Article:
Walmart

Walmart is not just a retailer; it is a phenomenon. If Walmart were a country, its GDP would be greater than Norway’s. The company is the world’s largest commercial employer; and it manages just slightly fewer people than does the Chinese military.

How did Walmart become the largest retailer in the world? There are two core principles responsible for the company’s success: low prices and broad selection.

Let’s start with price. Walmart’s pricing policy is famous in its own right. The company’s policy is called EDLP – Every Day Low Prices – and Walmart works hard to deliver on that promise.

But how do they manage to do so? In a word, efficiency.Walmart is ruthless in taking every possible measure to cut its costs and lower its prices.

Scale also plays an important role in Walmart’s commitment to low prices. Buying and selling higher volumes of goods allow the company to reduce prices. This may seem counterintuitive, in that we typically assume that selling a product at a lower price leads to lower profits. But that’s not necessarily true, as Walmart knows well.

It’s also worth noting that there’s another advantage to scale. In Walmart’s case, the larger it becomes, the more bargaining power it has with suppliers. Walmart has such market clout that suppliers simply can’t afford not to place their products on the retailer’s shelves.

Thus, suppliers sell to Walmart at lower prices, which allows the retailer to pass on the savings to customers.

Walmart proved that a giant corporate-owned retailer could not only survive but thrive in rural areas. Walmart realized that customers would be willing to drive 70 miles or more to buy a significantly discounted lawn mower, for instance. By carrying a broad assortment of goods catering to every possible need, Walmart could reach customers who lived both near and far.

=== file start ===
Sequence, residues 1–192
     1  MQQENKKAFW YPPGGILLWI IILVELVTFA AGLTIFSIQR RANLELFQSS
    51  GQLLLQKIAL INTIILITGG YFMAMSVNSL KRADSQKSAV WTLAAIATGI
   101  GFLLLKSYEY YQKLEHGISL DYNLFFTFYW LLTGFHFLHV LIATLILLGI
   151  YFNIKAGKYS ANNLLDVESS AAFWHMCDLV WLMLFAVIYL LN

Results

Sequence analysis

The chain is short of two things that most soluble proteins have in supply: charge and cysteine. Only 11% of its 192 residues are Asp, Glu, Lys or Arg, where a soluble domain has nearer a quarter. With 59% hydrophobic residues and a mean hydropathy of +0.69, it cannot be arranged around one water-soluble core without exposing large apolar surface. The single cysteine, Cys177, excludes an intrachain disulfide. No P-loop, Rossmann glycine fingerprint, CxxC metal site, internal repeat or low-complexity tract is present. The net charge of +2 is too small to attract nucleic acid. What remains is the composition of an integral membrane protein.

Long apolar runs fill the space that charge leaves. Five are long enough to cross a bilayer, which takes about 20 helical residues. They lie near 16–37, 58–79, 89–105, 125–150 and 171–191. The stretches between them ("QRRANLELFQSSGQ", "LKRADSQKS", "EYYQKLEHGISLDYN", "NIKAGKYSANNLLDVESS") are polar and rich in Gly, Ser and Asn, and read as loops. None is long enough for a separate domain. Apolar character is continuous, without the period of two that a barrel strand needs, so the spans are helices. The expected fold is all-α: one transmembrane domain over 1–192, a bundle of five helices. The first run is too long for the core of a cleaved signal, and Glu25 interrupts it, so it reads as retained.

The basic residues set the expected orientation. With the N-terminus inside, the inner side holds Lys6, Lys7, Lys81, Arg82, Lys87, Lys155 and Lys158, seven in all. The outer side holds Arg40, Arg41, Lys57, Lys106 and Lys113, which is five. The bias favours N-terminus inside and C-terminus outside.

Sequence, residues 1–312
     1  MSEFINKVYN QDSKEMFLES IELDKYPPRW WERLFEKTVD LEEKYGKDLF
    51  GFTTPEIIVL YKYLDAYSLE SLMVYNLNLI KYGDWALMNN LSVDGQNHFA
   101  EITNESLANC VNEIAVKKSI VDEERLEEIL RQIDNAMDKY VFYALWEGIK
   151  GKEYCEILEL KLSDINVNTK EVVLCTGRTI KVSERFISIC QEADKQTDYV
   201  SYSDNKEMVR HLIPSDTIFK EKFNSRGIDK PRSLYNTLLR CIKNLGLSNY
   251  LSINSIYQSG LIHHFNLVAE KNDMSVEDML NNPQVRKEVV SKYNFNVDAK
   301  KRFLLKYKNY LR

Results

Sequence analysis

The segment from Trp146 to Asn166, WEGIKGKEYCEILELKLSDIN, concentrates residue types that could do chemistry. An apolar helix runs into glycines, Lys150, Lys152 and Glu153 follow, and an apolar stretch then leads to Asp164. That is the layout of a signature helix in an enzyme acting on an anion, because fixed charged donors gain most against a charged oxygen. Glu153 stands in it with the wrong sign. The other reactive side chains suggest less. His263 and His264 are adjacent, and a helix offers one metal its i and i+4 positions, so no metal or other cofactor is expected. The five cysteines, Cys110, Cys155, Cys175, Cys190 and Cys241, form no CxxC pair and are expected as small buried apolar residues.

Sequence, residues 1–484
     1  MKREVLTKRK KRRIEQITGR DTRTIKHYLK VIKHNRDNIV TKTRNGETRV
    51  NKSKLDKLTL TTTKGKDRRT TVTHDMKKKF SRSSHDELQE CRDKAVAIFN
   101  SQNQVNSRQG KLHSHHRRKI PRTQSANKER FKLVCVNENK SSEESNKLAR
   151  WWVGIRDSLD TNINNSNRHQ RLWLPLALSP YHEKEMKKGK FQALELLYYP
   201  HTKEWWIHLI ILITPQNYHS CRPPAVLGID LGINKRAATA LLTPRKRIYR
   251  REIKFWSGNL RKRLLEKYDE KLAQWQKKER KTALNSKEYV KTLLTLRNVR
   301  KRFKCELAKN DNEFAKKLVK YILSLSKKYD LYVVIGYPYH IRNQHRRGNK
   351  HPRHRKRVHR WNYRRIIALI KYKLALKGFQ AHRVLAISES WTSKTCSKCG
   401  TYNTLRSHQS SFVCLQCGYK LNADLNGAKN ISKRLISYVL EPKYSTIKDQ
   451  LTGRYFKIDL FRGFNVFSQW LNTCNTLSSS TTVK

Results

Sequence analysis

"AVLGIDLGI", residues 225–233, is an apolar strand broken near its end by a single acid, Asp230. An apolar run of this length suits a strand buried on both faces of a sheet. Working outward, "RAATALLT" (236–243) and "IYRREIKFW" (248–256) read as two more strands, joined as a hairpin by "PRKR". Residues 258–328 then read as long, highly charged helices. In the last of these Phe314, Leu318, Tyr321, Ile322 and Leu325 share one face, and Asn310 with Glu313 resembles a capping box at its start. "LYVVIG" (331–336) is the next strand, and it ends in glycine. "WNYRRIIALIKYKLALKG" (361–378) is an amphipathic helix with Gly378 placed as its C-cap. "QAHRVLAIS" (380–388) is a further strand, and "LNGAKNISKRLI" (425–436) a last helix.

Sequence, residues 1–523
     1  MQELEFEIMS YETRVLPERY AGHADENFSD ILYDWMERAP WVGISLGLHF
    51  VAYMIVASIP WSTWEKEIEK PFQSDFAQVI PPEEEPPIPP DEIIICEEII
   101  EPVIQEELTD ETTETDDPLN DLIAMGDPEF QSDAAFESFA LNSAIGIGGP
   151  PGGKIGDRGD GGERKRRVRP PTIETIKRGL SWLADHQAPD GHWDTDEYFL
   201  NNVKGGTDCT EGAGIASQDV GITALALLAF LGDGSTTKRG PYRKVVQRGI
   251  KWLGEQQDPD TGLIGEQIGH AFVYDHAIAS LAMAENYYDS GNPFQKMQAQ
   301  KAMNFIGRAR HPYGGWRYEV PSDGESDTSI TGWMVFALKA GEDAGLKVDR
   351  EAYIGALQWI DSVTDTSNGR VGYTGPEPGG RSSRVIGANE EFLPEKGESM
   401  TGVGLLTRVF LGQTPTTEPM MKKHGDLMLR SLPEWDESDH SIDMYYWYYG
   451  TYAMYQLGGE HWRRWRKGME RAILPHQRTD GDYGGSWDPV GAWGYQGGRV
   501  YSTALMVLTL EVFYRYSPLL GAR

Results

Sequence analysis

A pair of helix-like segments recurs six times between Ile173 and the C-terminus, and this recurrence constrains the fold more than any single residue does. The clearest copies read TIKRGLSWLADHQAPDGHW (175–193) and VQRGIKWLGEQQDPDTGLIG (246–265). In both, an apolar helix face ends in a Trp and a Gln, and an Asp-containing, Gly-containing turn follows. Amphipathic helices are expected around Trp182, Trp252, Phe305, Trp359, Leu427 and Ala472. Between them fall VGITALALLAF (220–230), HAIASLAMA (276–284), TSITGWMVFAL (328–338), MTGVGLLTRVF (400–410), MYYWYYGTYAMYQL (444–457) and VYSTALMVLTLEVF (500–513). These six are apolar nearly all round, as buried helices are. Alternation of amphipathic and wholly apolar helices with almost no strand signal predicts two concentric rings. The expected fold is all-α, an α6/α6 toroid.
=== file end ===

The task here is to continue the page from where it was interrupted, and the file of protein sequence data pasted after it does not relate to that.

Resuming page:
Walmart also introduced its own private labels, such as Sam’s Choice, to sell alongside popular national brands. Private label products are essentially equivalent to well-known brands but are less expensive, as the costs of advertising and marketing are considerably reduced.

It’s worth noting that although having a broad assortment of products benefits Walmart, there’s a drawback to having too much choice. That is, customers might get overwhelmed and consequently buy nothing at all.

Another factor that makes Walmart successful is its approach in working with suppliers.

Unlike many other retailers, Walmart doesn’t work with middlemen. This policy came at the urging of Walmart founder Sam Walton, who disdained distributors.

Thus Walmart developed its own supply chain capabilities and cultivated direct relationships with vendors.

In the early days, however, this wasn’t easy. Walmart’s negotiations with suppliers were ruthless, with each party fighting tooth and nail to get the better deal.

To change the situation for the better, the two managers created a Walmart/P&G team to improve communication and collaboration between their companies.